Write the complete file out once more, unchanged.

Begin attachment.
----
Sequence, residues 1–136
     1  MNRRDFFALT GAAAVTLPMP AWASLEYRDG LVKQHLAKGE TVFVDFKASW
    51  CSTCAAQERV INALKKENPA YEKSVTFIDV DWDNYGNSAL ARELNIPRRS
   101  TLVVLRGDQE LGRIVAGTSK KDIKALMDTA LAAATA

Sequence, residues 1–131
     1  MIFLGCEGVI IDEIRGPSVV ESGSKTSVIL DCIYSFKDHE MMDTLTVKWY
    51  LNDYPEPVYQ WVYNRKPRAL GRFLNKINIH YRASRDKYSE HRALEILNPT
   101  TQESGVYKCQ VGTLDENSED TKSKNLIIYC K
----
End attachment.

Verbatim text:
Sequence, residues 1–136
     1  MNRRDFFALT GAAAVTLPMP AWASLEYRDG LVKQHLAKGE TVFVDFKASW
    51  CSTCAAQERV INALKKENPA YEKSVTFIDV DWDNYGNSAL ARELNIPRRS
   101  TLVVLRGDQE LGRIVAGTSK KDIKALMDTA LAAATA

Sequence, residues 1–131
     1  MIFLGCEGVI IDEIRGPSVV ESGSKTSVIL DCIYSFKDHE MMDTLTVKWY
    51  LNDYPEPVYQ WVYNRKPRAL GRFLNKINIH YRASRDKYSE HRALEILNPT
   101  TQESGVYKCQ VGTLDENSED TKSKNLIIYC K